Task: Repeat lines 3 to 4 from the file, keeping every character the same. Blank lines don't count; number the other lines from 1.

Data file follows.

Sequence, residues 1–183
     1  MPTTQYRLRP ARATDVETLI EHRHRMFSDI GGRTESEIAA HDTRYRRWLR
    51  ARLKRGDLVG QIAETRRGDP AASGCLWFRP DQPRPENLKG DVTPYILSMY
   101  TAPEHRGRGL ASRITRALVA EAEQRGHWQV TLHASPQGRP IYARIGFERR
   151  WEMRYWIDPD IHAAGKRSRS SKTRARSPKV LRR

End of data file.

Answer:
    51  ARLKRGDLVG QIAETRRGDP AASGCLWFRP DQPRPENLKG DVTPYILSMY
   101  TAPEHRGRGL ASRITRALVA EAEQRGHWQV TLHASPQGRP IYARIGFERR